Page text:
It’s commonplace to try on suits, dresses, trousers or shoes before buying them. People instinctively know they need to try on clothes to be sure they fit, feel comfortable and are attractive on them. What about a home? Itís probably the most expensive purchase youíll ever make. Isnít it even more important to ìtry onî a home before you purchase it?
What on earth do I mean? Well, itís usual to look for a home in places that are convenient to work and schools. Most folks take the daily commute into consideration when shopping for a home. Why not take the daily, weekly, and even monthly activities of family members consciously into account, too?
I once helped a young, single woman named Wendy to find and buy her first home. She worked for Geico, was rising very nicely in the company and wanted a home of her own and the tax break home ownership affords. She asked my advice about choosing, and we had a conversation in which I mentioned many of the sorts of things Iíve said here. We made a list of what mattered to her. Then we went shopping. We looked at a lot of houses. After we came out of each one, we had a talk about how it measured up to Wendyís list.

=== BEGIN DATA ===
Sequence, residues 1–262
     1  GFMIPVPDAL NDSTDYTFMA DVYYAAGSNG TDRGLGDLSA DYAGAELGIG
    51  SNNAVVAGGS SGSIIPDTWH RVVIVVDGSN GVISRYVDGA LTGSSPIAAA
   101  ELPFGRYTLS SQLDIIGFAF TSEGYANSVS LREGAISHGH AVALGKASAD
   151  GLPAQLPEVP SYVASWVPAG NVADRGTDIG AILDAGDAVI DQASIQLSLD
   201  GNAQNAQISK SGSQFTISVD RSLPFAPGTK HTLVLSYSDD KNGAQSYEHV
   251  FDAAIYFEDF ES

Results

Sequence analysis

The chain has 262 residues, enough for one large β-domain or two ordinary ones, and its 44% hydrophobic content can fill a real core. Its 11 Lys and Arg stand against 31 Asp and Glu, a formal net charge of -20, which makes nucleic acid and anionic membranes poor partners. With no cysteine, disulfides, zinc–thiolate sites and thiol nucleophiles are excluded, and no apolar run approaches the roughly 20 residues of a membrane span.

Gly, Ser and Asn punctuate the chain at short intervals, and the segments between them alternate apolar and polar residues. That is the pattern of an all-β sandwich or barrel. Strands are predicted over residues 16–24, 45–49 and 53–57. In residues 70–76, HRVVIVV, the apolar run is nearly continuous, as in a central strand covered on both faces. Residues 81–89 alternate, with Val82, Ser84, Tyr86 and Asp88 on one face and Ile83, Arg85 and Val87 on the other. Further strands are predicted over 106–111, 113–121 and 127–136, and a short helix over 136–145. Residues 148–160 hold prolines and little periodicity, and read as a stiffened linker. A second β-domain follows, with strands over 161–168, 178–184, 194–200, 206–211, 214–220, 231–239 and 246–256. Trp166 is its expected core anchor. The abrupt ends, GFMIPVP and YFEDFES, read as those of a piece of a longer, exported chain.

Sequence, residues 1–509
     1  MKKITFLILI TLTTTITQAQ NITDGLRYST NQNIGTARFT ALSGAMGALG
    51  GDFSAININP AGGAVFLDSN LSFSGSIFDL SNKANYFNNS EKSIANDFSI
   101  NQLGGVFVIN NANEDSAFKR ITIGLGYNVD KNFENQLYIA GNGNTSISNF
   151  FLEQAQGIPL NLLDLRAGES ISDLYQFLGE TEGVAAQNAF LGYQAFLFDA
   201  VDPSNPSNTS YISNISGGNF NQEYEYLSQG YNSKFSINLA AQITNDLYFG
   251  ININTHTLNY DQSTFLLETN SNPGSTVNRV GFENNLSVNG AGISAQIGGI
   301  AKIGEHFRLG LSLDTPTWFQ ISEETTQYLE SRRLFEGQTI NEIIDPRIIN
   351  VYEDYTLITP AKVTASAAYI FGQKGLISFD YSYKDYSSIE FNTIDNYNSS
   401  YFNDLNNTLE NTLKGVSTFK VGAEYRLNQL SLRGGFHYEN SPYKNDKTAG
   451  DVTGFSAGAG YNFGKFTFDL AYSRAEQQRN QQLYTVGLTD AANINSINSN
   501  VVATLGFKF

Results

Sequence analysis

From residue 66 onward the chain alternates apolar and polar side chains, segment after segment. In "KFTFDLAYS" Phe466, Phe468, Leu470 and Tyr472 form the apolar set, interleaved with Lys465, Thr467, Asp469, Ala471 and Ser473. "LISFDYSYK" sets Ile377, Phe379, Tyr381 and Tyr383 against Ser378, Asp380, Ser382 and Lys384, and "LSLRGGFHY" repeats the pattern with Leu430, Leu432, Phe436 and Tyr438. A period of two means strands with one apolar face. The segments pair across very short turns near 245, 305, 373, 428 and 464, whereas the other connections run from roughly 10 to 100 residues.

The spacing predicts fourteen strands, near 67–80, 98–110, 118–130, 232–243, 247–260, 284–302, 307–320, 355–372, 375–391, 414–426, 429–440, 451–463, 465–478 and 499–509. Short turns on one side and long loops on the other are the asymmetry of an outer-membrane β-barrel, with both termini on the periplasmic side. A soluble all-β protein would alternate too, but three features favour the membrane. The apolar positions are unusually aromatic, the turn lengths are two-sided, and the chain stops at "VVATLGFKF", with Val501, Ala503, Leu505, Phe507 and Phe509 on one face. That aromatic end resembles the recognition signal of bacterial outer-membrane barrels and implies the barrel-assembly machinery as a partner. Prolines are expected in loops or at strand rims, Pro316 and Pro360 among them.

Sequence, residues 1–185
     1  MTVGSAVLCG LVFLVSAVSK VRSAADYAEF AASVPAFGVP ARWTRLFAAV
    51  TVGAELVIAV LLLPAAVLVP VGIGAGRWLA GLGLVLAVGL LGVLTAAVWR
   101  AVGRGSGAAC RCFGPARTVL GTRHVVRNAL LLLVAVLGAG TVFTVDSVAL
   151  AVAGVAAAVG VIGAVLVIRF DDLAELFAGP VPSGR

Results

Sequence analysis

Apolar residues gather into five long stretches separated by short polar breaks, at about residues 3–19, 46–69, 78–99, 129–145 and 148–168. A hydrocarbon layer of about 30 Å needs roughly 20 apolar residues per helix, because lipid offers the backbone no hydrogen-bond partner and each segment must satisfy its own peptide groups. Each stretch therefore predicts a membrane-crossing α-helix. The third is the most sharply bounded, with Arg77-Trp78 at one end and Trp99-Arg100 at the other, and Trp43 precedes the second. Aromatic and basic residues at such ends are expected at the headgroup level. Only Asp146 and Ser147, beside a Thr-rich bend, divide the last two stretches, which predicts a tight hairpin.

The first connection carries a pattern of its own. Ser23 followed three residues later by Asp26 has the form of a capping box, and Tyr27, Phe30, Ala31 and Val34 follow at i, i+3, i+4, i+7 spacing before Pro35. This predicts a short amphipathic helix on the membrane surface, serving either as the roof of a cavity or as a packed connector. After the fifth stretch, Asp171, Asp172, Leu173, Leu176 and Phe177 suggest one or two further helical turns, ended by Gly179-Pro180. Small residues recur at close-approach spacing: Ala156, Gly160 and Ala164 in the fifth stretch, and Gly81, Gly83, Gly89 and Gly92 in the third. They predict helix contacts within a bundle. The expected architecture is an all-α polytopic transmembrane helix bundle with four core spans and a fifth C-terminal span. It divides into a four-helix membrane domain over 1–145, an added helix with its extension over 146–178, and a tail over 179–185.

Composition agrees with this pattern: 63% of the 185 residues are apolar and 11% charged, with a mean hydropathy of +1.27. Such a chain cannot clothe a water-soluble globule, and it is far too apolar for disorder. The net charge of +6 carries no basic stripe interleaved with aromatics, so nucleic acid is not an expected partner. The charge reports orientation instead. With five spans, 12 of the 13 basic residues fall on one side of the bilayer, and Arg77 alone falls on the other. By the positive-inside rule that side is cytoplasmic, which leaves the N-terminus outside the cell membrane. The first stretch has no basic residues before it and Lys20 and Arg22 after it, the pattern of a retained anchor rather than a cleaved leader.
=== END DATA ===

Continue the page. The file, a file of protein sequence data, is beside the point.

One of the houses we looked at belonged to the young woman who later became my daughter-in-law. It was brick, all on one level, had a fireplace in the living room, and had patio doors from the master bedroom and dining rooms to an enormous deck with a hot tub. It was beautifully decorated in a sort of ìpared down Victorianî style. There was a brass bed, some wicker, lots of healthy house plants, and a few Victorian pieces of furniture that were actually old, family pieces. Silver framed family photos were clustered on top of the piano.
After we emerged from the house, Wendy started down the two steps to the car and then froze in place. She had the oddest expression on her face. I asked what was wrong, and she began to look sheepish and confessed, ìThat house is so pretty and so nicely decorated, I just enjoyed looking at it and didnít give any thought to how Iíd live in it. I just wanted it.î
We went back inside. Wendy still admired what had been done with the house, but decided it wasnít right for her.
Knowing whatís important to you can save costly mistakes. The process of ìtrying onî a house helps you evaluate whatís important. I think youíll find itís worth the effort.